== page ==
Saturday, November 15, 2008

One Single Impression -- Courage

In our culture we normally think of courage as related to action, as overcoming fear to do something. As society we value individualism, or as it is frequently called "rugged individualism." The two things -- courage and individualism -- are frequently linked in our cultural mythology, so that courage is often mythologized as actions by individuals often struggling against the flow of society or their own social group. This emphasis on individualism and action, means that most Americans come to fear the inactive reliance on others. Acting to help others is good, while being helped by others is bad and shameful. Thus, often our greatest fear is of becoming helpless, by illness, circumstance or age, and having to take a passive role dependent upon the help of other.

Over the past year, I have observed (through daily phone conversations) the struggles with fear of my 85 year old mother, as she has to let go of doing things and accept (reluctantly and with much rebellion) the assistance of others in caring for my 96 year old father. If courage involves overcoming fear, than sometimes the most courageous path is inaction and acknowledging dependence.

winter courage

learning to let go,
accepting help from others,
work-worn hands at rest.

November 15, 2008

For other poems on the theme of "courage" see One Single Impression Sunday November 16, 2008.


Beth P. said...

oh, Sue, that is so good...courage in a later season--that is so helpful. Thank you.

I have a love affair with elderly hands. They say so much. I have a picture in my mind of my Grandmother's knobby thumbs that make me choke up with gratitude everytime...

Thank you.

Deborah Godin said...

Wonderful poem and essay on life and aging and courage! It reminds me of the way we talk about giving and receiving, too, i.e It's more blessed to give than to receive. If we dont'receive we deprive others of their giving. And so you have pointed out the spiritual 'loop' involved with courageous action and inaction, dependence and independence. Beautifully done!

anthonynorth said...

This is a vitally important point about courage - the courage to be no longer self reliant. I can see it could be so difficult for many.

SandyCarlson said...

So very true, my friend. So very true. Our cultural expectations of courage really do cause loneliness and isolation. That's too bad. Your poem and your prose touch my heart.

Jim said...

Sue, it does take courage to accept help, we do things so well by ourselves, until ... (winter).
I don't like to shovel snow so I would let someone else do that for me if it ever came.
I talked with a fellow I know casually and happened to be in the blood letting lab with him the other day. He said he lacked energy and was tired when he shouldn't be.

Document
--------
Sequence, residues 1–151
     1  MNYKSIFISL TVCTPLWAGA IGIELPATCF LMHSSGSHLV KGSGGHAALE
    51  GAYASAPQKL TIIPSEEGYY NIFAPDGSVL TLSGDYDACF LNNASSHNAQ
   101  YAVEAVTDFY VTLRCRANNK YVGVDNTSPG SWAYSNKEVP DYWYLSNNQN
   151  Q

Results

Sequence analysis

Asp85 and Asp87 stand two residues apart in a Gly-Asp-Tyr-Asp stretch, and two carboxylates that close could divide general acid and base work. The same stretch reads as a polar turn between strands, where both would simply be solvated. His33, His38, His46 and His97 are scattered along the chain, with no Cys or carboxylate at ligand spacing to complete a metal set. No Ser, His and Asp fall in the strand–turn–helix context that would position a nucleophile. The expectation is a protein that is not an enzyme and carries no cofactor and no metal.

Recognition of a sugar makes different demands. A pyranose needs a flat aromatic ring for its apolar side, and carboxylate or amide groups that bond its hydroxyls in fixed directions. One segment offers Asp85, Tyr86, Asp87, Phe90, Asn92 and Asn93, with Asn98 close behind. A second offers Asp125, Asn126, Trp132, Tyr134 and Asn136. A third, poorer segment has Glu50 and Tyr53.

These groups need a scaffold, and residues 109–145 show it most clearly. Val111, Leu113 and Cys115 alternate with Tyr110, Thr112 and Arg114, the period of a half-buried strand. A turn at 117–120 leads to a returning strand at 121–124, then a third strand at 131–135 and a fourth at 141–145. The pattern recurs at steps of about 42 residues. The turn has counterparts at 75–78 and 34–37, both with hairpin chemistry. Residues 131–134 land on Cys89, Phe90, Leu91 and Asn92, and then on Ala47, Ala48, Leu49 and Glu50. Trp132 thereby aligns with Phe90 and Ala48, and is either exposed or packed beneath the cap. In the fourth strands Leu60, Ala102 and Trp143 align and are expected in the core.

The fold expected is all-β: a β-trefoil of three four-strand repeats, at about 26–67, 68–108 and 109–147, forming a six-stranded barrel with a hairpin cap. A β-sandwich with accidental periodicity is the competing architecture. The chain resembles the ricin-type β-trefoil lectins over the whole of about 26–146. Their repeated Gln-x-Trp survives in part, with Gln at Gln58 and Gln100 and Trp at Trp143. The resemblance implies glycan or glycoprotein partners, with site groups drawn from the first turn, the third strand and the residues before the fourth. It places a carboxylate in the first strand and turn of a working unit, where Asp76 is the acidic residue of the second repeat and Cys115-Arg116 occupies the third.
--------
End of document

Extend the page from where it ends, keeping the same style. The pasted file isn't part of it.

Today he told me that he didn't have the energy he had back when he was 80, he has turned to be 90 now. He drives, etc and seems to be doing quite well. And has a lot of courage as far as I am concerned.
My poem was an attempt to be dark and strange but not real heavy. Usually mine are intended to be cheerful with a touch of humor.

Anonymous said...

Sue, I can relate to this verse. My fiercely independent mom had to go into assisted living this past summer. She is doing well, but still has a hard time "allowing" herself to be taken care of.

You put in words what i have been thinking, thank you.

qualcosa di bello said...

becoming old is not for the fainthearted, it requires an inner courage that is not often considered...i very much like the perspective you offer

Quiet Paths said...

I loved the story as much as the verse. I am seeing courage well up in my Mom of 86 as she faces age and the unknown. Thank you for this.

tumblewords said...

Survival requires constant leaps of courage. Well worded!

Pam said...

Years ago I wrote a poem that pictured women in different parts of their lives-- my old woman character had her hands at rest also. This is always a difficult transition for the family and the mothers whose hands have always been so busy. Thank you for sharing this with us.

gautami tripathy said...

I must show this to my mom!

foundations of wonder

zoya gautam said...

..If courage involves overcoming fear, then sometimes the most courageous path is inaction and acknowledging dependence_if this is not poignant what is _
"work-worn hands at rest"_
("a picture in my mind of my Grandmother's knobby thumbs..")
..many thanks..

Will said...


I came to your blog, through the Velvet Blog. Your haikus are simply beautiful.

Your thoughts on courage reflect what I experience in my work as a pastoral care counselor with Hospice Care Network. I see that people who are able to call up that quiet courage within are better able to see their end-of-life as meaningful and purposeful. So many people who receive care say, "I am a burden." I listen and hope to lead them to a different understanding of dignity but they are not always willing to let go of the belief that receptivity is a kind of personal failure. The hardest thing to accept is just where we are in life.